However, if your application code only needs to access data in memory optimized tables, you can further improve performance by using native stored procedures. Native stored procedures are created using the familiar CREATE STORED PROCEDURE statement to define the Transact-SQL statements you want to execute. The code is then translated into C and compiled into a DLL, just like a memory optimized table. The DLL is then loaded into memory, and since the instructions it contains are now compiled as native machine code, execution performance is greatly improved. There are some limitations in this release, and only the most commonly used Transact-SQL statements and functions are supported in native stored procedures; but for a large percentage of common database workloads, you should find that using memory optimized tables and native stored procedures can significantly improve application performance.

The following demonstration shows how to use memory optimized tables and native stored procedures.

So, should you convert all of your tables and stored procedures to take advantage of this new technology? Probably not (at least, not yet). There are some workloads where the new in-memory capabilities will bring enormous benefits in terms of improved performance; but there are also some cases where current limitations prevent them from being used. Even when an existing disk-based table is fully compatible with a memory optimized schema, you may find minimal improvement for some i/o workloads.

The important thing to understand when planning to use (or not use) memory optimized tables, is that the performance benefit is not purely a result of storing the data in memory. After all, SQL Server does a pretty good job of caching commonly accessed data in disk-based tables anyway. The crucial difference to the way data in a memory optimized table is accessed is that no locks or latches are used to support concurrency. In a disk-based table, if multiple transactions need to access the data concurrently, locks are used to ensure consistency and avoid one transaction’s results being affected by the data modifications of another transaction. Although SQL Server does support row-level locking, transactions that affect multiple rows can quickly escalate locking to page-level – causing concurrency issues that affect query performance. This can be especially acute in tables with so-called “hotspots” – for example a table with a clustered index on an incrementing key value, where all new rows are inserted at the end of the table. Memory optimized tables do not use locks to manage concurrency. Instead, a form of row-versioning is used to track modifications to rows by multiple transactions; which in any case usually happen so quickly (sub-millisecond) that concurrency clashes are extremely rare. If the i/o pattern for your table typically incurs a lot of locking, then making the table memory optimized will probably improve performance. If not, then you may not benefit significantly from changing the table. As an example, in the video demo, the 500,000 inserts were wrapped in a single transaction – which when executed against the disk-based table incurred locking to support isolation for 500,000 atomic INSERT statements. When creating the demo, I noticed that removing the BEGIN TRAN and COMMIT statements that enclose the loop (so that the inserts were done as 500,000 independent INSERT statements) resulted in a much less significant difference in the time taken to load the disk-based table and the time taken to load the memory optimized table (typically, the memory optimized table was around 5-6 seconds quicker).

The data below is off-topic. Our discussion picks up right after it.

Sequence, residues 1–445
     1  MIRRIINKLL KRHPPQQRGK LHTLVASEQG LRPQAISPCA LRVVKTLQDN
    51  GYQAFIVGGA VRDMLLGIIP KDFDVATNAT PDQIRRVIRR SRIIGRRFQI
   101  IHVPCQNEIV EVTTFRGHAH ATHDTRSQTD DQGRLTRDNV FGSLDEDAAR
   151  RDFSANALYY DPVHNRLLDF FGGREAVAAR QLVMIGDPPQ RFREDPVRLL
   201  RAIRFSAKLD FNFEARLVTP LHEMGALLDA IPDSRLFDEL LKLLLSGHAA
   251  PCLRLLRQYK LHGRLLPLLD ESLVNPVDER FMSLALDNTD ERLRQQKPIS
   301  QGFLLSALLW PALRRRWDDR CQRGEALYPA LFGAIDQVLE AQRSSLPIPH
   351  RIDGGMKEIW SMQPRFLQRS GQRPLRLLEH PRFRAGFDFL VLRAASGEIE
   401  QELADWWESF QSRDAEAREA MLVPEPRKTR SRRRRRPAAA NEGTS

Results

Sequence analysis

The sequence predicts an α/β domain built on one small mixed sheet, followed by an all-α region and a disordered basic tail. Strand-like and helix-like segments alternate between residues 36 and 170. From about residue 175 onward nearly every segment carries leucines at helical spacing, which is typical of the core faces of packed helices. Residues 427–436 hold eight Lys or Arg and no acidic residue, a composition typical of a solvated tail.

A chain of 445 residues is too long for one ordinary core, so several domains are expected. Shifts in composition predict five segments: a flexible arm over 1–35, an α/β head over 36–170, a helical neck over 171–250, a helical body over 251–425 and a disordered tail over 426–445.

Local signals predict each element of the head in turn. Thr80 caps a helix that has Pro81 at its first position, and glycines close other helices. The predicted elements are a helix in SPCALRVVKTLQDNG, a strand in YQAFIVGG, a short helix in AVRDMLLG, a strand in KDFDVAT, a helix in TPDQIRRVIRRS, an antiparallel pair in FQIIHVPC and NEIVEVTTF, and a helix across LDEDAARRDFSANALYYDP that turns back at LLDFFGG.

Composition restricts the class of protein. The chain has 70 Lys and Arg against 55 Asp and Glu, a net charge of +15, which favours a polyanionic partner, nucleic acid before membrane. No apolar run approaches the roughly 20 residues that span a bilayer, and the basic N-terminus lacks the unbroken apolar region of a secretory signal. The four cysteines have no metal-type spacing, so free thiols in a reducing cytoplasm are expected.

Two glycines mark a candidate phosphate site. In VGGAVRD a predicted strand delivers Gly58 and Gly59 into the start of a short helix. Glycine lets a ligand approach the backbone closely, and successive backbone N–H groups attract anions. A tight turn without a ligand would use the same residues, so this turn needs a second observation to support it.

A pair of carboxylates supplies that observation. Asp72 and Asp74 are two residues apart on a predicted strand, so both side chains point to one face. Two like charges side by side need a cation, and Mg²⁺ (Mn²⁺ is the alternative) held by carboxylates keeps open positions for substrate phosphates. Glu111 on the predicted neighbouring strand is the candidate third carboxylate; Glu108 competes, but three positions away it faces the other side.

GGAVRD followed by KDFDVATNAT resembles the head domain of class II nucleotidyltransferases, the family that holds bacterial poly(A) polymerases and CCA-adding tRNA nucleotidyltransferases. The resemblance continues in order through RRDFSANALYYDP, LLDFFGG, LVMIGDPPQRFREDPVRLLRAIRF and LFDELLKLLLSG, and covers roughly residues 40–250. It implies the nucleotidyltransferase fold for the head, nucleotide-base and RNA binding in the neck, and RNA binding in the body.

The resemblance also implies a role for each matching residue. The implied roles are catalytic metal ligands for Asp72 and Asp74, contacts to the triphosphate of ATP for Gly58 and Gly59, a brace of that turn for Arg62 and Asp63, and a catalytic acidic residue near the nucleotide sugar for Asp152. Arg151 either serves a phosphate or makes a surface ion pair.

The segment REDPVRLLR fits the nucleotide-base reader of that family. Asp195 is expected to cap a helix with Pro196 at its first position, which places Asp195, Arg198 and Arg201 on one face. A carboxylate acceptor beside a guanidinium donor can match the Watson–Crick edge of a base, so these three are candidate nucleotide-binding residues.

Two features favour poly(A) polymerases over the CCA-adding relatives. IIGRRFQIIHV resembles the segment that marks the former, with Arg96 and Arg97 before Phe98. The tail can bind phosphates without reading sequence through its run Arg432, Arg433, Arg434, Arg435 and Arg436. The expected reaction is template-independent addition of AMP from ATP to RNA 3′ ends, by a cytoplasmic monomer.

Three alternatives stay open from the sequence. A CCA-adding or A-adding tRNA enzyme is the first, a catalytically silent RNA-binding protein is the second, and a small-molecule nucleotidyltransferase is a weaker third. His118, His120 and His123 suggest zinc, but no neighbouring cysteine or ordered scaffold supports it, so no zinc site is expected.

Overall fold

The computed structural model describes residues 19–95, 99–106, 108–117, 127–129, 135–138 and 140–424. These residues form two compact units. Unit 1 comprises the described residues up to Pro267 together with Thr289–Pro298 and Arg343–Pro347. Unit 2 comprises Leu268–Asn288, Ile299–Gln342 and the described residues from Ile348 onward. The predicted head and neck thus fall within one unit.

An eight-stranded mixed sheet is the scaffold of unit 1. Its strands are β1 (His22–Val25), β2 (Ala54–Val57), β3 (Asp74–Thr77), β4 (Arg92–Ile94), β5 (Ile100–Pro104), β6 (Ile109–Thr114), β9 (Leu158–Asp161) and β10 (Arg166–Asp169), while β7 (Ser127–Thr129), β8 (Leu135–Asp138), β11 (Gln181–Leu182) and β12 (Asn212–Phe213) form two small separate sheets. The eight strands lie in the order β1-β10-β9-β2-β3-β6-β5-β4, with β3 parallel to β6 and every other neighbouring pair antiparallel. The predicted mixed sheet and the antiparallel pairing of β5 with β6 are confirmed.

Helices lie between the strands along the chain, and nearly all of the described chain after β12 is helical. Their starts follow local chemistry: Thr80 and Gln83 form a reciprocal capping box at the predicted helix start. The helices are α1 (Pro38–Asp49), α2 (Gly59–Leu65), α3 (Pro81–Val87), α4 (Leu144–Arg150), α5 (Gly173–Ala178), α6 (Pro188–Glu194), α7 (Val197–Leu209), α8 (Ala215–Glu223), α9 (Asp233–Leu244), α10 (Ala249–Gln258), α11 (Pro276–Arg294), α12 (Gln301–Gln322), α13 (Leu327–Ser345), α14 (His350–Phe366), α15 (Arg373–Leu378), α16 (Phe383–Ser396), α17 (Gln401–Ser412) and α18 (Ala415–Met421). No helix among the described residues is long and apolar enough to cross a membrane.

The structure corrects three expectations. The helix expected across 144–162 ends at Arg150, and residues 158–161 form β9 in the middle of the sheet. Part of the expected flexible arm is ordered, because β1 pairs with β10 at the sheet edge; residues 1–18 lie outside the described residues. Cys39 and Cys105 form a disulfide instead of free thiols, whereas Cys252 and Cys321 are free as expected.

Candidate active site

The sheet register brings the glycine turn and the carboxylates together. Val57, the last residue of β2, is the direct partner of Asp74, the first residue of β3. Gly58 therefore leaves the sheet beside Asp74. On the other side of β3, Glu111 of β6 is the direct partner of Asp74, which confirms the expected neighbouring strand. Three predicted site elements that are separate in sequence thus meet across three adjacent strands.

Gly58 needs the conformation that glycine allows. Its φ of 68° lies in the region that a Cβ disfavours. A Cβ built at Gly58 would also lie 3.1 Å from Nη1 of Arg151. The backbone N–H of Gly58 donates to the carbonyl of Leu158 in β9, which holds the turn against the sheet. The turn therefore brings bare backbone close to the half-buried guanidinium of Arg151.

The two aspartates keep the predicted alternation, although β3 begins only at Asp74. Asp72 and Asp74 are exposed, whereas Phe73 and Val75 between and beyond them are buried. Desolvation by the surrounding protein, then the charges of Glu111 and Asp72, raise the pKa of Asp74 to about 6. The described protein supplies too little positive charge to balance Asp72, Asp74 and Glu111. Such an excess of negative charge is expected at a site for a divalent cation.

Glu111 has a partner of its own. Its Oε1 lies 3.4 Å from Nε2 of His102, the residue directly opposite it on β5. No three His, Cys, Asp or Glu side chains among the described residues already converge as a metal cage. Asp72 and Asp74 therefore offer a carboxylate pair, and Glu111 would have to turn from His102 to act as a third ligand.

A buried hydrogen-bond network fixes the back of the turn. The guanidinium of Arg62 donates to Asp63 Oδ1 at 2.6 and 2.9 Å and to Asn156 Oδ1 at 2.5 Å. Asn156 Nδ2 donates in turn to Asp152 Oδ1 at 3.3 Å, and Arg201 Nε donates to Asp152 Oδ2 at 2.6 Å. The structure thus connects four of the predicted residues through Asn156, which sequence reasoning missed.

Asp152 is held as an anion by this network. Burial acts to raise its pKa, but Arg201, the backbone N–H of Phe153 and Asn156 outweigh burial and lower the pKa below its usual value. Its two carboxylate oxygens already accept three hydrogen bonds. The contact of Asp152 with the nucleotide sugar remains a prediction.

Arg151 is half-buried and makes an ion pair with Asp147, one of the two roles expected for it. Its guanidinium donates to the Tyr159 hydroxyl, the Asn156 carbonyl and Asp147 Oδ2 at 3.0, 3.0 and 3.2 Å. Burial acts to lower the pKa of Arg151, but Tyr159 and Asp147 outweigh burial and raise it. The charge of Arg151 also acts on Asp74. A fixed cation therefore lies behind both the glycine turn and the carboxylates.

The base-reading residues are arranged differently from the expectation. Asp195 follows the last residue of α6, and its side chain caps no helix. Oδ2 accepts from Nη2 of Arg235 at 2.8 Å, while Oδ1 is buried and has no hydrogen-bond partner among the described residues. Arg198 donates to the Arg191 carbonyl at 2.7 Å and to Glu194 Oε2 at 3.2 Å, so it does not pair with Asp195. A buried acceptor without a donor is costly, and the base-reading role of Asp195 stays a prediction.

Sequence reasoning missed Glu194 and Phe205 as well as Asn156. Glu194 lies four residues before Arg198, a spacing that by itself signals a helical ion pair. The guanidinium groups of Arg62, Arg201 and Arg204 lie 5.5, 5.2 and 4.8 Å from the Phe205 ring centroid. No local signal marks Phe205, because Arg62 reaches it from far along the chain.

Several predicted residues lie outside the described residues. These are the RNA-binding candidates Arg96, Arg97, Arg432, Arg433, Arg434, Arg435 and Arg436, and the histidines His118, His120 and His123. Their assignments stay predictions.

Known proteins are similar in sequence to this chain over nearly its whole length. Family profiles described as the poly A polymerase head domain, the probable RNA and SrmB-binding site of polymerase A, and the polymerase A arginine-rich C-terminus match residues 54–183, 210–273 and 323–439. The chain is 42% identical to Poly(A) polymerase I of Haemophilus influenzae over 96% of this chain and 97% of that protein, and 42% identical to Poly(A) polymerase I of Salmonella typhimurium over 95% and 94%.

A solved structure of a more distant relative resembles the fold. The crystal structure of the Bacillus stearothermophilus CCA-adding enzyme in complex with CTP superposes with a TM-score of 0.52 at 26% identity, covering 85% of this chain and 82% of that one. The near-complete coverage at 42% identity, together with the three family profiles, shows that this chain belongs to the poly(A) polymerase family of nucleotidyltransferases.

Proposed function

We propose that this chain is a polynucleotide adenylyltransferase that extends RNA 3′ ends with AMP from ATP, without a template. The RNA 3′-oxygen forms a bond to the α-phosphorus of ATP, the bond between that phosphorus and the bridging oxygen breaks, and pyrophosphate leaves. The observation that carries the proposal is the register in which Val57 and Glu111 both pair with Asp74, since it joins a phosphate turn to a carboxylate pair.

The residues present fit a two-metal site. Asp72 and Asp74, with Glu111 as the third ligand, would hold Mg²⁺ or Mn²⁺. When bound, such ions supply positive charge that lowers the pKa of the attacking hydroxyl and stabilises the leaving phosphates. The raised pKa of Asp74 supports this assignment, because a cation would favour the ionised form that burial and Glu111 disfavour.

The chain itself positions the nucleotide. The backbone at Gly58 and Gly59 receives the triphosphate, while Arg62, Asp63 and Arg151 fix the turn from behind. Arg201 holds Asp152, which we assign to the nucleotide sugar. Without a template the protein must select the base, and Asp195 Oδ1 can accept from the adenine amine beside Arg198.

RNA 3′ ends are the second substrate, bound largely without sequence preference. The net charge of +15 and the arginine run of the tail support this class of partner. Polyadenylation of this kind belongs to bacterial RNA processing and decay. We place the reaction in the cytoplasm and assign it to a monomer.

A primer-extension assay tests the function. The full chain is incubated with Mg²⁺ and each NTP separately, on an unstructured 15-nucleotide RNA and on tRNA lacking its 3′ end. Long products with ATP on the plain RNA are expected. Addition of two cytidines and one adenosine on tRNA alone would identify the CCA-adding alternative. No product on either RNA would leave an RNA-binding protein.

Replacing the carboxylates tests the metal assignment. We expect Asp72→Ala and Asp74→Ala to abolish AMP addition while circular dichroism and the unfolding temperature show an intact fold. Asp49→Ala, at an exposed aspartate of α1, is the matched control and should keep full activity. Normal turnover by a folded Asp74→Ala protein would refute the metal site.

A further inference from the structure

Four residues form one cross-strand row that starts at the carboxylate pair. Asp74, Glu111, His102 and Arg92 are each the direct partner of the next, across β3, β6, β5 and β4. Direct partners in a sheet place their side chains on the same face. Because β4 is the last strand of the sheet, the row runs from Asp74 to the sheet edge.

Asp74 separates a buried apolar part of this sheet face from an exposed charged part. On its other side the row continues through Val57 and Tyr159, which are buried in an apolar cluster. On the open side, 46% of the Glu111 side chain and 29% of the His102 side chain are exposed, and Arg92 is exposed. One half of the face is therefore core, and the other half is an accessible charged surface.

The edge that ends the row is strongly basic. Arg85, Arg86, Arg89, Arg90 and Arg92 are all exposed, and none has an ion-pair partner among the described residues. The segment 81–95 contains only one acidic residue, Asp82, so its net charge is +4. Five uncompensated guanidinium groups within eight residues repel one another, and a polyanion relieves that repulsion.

This article is based on the CTP 1 release of SQL Server 2014, and details are liable to change between now and the eventual release of the product. You can download the preview of SQL Server 2014 from

The Transact-SQL code used in this demonstration is available from here.